July 27, 2009
… a client who thinks that their need is more important than your effort.
Sure, client needs are important. Delivering quality, expertise, convenience, customized service, turnkey solutions, great products — that’s bread and butter for most companies. But especially in tough times, it’s easy for people to forget that we aren’t here to serve each other’s needs: we’re here in an exchange of value for value, and meeting needs is the primary way that humans make that kind of exchange. My work for your money. My money for your product. My love for your love. My financial support for the services your nonprofit provides to a community I care about. And so on.
Whatever the specifics, in order to be sustainable, our relationship has to be based on mutual acknowledgment of the value. This video makes the point brilliantly. Have a laugh; spot your own “I’m so special” client in this mix; and then please make sure you’re not ever one of these clients for someone else.
And here’s a notion: what if instead of clients and vendors, we think of managers and employees? Please, make sure that as a manager you’re not placing your “I’m so special” needs above the value of people’s work. Don’t ask them to give so you can take: instead, support them in creating and receiving value. Everyone wins that way.
April 15, 2009
- Thank you.
- I don’t know, but I’ll find out and get back to you.
- What do you think?
- How can I help?
- You’re right.
and, sometimes most importantly…
- I screwed up. I’m sorry.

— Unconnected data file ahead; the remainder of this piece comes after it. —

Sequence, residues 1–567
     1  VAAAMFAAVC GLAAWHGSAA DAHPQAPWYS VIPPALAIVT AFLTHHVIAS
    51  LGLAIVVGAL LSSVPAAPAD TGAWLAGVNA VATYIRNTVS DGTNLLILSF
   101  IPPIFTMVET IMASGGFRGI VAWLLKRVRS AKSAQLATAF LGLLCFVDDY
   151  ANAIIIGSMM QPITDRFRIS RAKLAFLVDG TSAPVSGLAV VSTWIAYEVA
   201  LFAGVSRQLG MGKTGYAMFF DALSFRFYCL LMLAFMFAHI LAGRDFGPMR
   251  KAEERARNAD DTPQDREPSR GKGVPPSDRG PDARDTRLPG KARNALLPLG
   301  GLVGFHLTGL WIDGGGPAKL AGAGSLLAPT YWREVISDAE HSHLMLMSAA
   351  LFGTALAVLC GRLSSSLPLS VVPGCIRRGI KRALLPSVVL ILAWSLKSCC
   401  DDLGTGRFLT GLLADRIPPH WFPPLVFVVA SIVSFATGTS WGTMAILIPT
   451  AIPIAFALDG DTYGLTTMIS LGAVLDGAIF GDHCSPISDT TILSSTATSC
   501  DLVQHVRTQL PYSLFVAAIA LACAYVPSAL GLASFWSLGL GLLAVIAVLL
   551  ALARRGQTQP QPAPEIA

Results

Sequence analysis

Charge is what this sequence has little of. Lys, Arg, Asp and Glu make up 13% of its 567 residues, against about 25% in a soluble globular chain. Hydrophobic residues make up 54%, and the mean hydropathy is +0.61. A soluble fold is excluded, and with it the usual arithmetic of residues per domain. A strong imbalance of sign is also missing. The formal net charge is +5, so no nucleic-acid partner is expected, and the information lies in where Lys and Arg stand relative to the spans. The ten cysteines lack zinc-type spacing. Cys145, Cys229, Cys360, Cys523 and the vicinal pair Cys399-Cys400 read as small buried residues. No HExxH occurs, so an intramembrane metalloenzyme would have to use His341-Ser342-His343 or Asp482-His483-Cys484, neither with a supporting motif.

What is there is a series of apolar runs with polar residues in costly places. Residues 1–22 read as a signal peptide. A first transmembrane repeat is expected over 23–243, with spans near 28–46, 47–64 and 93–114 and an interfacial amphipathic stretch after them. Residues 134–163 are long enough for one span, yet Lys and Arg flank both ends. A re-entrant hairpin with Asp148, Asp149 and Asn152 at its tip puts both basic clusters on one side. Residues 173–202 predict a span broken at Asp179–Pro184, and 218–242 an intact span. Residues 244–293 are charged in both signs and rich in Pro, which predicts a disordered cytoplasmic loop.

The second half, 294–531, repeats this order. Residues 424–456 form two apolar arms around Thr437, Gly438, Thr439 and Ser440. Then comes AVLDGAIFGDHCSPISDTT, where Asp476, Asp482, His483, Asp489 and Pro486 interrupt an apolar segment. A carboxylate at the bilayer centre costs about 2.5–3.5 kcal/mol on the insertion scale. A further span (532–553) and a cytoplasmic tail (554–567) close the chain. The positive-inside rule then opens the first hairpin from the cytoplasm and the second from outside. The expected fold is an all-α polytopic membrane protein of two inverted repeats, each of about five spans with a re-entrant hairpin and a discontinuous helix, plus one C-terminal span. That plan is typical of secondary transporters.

April 1, 2009
Wow. What would happen if we all just started talking — and listening — at work?
I’ve been a part of initiatives similar in philosophy (although never using the Chair approach, which I think is brilliant), and they work. It can take a while to earn people’s trust — that they will not be punished for expressing their feelings, that their ideas will be heard, that they are part of a meaningful process as opposed to a feel-good experiment. When you do earn that trust, you get the enormous reward of people who are so engaged that they will make time in their work day to find you and tell you things they think you need to know, good and bad. How much is that worth to you?
Many thanks to Allison O’Neill for the article link. Sign up for Allison’s RSS feed — her posts always have something useful to say to any manager.
March 19, 2009
A fallout of working for, or being associated with, an inauthentic leader is that this person robs us of our own authenticity as we tread carefully around them. We focus on what keeps us safe in our jobs. In the process they don’t get the best out of us – they get our labor, but not our full engagement… Lack of authenticity in a leader carries a hefty price tag.
— Bruna Martinuzzi, from “The Talisman of Leadership”
You’ll find ideas about authenticity and transparency, and concrete suggestions for how to bring more authenticity into your own work experience. Remember, authenticity is a skill like any other. “Practicing” authenticity doesn’t make you a manipulator or a hypocrite — it makes you better at being truly authentic. It can be scary. It can make you vulnerable. And the results will certainly surprise you.
March 17, 2009
He saw that the people who push the wheelchairs were practicing medicine. — from the Boston Globe article “A Head with a Heart” by Kevin Cullen